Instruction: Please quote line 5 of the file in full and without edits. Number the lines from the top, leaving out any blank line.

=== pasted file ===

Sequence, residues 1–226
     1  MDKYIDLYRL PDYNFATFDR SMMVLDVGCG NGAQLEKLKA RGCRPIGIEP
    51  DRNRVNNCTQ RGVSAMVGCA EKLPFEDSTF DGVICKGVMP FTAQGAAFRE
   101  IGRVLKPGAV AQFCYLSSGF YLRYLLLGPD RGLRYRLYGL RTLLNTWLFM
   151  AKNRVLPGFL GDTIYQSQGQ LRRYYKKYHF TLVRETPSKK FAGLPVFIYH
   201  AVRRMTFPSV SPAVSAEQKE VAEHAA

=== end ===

   151  AKNRVLPGFL GDTIYQSQGQ LRRYYKKYHF TLVRETPSKK FAGLPVFIYH